Iceland. The land where the police drive 4×4, the average native speaks better English than British people from the north and where you’re rarely alone. Anywhere. The first thing that strikes you when you walk up the main street is the sheer amount of tourists. Or maybe it’s more a lack of the local population. In most cities that I have been to there has always been a side street where the locals hang out. Sort of a subculture where the tourists don’t venture and where the beer is half the price. I found it very difficult to find anything like that, even though I went out with a few locals. I think partly the reason is that Iceland is so tailored towards tourists that it has spilled over to the local scene. For 2016 the prediction is around 2.8 million tourists. Iceland has 330.000 inhabitants.
Despite all of this I must say that if you find the right places in Iceland you can still be entirely alone and just take in the vast landscape that stretches for miles and miles.
This is a young country. The features are sharp and dramatic. Time has not yet smoothed out the contours nor the sharpened the edges. That is why I love Iceland. It’s so rough and untamed. Everywhere you look there is something grand and spectacular. Be it a waterfall, mountain or simply a straight road. Don’t expect to many trees tough. When the vikings first came to the island though there were plenty of trees. However the vikings built their houses of lumber and within 2-300 years they had effectively deforested the island.
There are a few things that I would recommend doing and not doing. On the not doing front would be the Blue Lagoon. This is the place that is sold in all the tourist brochures and that is plastered on the walls of the airport. It has be heavily commercialized and hence the place is packed with people. The first few days I took a helicopter tour and we flew over the lagoon. I wonder if fewer people would go there if they saw the greater picture where the lagoon is part of the spill water system from the adjacent power plant?
On that note I can add a place called Reykurdahl to the see-list. It is a natural hot spring that forms as a hot stream up in the mountains. If you continue the path up past the baths you come up the beautiful mountain landscape where there are no tourists. Even the baths them selves are fairly quiet as it is a bit of a hike up the mountain. While I as sitting in the stream I met an American couple and a girl from Greece. As we sat there chatting in the hot, steaming water it began to snow. And hale. Unique experience to say the least.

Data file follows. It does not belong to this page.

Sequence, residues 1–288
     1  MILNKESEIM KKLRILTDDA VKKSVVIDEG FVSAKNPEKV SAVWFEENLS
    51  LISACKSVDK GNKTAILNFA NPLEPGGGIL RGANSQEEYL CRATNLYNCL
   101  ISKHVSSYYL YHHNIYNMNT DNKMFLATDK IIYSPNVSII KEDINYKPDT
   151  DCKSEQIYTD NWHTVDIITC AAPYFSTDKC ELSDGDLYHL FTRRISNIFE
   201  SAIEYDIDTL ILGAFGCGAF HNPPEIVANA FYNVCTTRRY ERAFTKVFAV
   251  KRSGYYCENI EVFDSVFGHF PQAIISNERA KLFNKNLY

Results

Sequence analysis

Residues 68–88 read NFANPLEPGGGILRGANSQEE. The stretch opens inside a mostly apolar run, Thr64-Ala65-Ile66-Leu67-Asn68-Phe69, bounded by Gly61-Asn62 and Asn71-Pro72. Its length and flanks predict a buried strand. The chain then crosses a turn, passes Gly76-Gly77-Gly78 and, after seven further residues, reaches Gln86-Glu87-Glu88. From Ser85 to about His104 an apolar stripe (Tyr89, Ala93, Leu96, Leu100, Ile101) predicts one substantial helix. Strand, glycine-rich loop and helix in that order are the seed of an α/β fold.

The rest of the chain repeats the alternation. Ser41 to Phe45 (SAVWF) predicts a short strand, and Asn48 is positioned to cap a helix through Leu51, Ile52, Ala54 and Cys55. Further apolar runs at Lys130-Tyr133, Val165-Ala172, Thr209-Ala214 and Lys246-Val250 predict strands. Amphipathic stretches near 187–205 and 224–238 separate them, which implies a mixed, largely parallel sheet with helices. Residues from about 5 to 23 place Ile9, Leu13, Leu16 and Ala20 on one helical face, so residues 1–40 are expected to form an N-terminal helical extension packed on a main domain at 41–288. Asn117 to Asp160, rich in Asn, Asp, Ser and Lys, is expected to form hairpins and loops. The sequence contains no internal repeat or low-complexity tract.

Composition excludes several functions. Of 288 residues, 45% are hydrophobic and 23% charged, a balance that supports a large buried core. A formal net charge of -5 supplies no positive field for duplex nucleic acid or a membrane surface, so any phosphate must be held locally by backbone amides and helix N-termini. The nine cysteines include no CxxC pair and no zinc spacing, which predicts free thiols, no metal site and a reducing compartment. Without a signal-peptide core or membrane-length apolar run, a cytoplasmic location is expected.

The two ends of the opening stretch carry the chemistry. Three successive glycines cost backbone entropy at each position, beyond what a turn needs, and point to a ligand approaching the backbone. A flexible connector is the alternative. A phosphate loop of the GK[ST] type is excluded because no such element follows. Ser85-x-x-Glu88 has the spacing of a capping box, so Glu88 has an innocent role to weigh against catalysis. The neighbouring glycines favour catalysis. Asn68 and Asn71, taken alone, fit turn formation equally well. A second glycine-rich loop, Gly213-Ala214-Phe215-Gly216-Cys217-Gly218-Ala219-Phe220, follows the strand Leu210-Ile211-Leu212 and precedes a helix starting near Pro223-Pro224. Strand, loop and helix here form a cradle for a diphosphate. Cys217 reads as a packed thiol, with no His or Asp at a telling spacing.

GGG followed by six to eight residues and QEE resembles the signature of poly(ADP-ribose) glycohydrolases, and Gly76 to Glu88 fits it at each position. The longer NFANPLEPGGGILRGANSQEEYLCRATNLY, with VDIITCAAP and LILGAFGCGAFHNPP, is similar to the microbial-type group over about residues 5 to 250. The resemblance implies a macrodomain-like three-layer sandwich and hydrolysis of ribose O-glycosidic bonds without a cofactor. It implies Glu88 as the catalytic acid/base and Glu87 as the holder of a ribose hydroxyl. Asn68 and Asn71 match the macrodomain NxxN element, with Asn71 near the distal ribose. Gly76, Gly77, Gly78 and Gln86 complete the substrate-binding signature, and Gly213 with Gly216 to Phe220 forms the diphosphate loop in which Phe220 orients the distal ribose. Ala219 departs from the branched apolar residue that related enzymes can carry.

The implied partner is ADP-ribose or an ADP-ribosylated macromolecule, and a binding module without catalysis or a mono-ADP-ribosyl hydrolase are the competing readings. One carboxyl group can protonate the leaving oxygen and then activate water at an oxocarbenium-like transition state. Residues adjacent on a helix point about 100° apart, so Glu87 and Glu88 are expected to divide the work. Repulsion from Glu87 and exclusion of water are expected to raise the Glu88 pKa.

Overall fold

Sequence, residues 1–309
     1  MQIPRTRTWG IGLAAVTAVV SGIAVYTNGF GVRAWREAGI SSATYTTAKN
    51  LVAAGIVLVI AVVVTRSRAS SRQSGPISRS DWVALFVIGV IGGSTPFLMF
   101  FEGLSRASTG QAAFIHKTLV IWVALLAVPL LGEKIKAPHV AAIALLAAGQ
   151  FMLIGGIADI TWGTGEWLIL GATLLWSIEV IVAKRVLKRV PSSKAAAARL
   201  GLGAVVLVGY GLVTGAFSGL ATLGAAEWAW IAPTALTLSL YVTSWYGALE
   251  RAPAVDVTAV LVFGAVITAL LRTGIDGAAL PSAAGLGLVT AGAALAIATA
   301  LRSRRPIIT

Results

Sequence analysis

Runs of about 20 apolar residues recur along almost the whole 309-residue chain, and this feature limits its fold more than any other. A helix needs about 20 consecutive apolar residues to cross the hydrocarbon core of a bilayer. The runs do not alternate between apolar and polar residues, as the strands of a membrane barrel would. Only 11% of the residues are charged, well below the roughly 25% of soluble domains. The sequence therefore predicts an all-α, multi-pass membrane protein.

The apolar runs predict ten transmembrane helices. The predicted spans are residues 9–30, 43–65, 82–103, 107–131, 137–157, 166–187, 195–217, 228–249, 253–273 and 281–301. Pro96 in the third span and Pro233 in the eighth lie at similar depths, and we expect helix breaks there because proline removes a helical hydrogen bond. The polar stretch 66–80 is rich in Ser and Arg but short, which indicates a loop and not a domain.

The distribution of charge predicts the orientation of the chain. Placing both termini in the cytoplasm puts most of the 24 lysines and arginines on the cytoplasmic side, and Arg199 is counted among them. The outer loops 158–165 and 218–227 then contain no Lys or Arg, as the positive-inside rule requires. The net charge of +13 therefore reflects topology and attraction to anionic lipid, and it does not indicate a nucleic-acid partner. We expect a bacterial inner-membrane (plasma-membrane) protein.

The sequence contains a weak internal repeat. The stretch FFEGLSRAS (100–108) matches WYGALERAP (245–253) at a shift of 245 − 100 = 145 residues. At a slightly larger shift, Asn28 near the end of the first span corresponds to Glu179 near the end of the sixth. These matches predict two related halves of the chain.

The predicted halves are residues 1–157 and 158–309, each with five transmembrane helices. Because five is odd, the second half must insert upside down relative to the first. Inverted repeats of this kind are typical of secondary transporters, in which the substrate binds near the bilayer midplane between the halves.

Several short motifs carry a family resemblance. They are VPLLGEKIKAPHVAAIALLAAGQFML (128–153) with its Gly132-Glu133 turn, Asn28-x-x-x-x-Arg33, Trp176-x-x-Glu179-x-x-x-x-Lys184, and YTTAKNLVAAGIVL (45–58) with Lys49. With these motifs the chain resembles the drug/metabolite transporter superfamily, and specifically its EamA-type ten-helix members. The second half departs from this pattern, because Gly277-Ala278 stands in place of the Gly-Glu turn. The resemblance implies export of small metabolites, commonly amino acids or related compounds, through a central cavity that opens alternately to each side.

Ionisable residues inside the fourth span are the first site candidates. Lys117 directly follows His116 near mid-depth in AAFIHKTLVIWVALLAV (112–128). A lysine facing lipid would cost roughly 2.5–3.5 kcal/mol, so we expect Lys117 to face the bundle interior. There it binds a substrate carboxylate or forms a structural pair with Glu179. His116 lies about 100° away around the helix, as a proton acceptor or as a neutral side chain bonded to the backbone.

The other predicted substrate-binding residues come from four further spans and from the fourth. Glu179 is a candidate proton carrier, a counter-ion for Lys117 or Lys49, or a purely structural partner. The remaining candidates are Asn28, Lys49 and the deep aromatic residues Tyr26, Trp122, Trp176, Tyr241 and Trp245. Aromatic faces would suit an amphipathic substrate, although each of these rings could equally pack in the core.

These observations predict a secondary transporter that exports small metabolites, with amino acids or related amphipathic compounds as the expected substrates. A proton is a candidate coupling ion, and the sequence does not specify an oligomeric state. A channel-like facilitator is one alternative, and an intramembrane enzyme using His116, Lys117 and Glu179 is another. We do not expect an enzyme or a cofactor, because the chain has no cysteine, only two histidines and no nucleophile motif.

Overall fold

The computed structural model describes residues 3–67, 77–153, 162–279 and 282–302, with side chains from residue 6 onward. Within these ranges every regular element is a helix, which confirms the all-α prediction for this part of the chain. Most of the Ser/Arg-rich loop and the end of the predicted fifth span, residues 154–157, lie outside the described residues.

Another thing not to miss is a chance to snorkel between two continental plates. In thingelvirr national park you can do this in a place called Silfra. It prides itself with having the best visibility under water in the world. Up to 150 meters. The North American tectonic plate on one side and the European on the other. Slowly drifting apart at a rate of 2cm per year. Again; a very unique experience.
I also managed to spare a few days and go down to the Westman islands. A sonderful place where the islnds rise up a seemingly empty ocean with harsh features and jagged cliffs. And puffins. Lots of them. And if you by some miracle miss to see them in the wild there is always “Totti”. The local puffin of the aquarium that runs around and greets visitors and staff.
In 1974 the island was hit by a gigantic vulcanic eruption that took the islanders by surprise. Only one persion perished in the catastrophe though and the scars and reminders of that time is all around the island.
But I think that most of all what I take with me from Iceland are all the wonderful people I’ve met. And the weird ones to. The locals are the most warm and inviting lot you can imagine and they will always try to go above and beyond. Hats off to the hostel I stayed at as well. Hlemmur square is a very nice place with good standard and even has good food at the bar. I recommend the duck sausage.
Unfortunately I think that the beauty of the land and the stillness is demolished by tourists. As a swarm of locus they descend upon an attraction and consume it as fast as possible. They roll out of the tourist buss with cameras and phones at the ready. Quickly snap a few group pictures and a selfie so you can prove to your friends that you were there and then pile into the buss and move to the next site to consume.
So I leave you with this: At some point put the camera down, find a nice place to sit down and then just appreciate the nature. Take in the awesome power of the waterfall and imagine how it has been doing that since the beginning of dawn and will continue to do so way past our lifetime. Think about how the earth shook when the volcano erupted and created those amazing landmarks that you are watching. And remember how a few brave Vikings and settlers ventured out to this country many hundred years ago and decided that the barren wasteland that was Iceland would be their home … What a bunch of lunatics!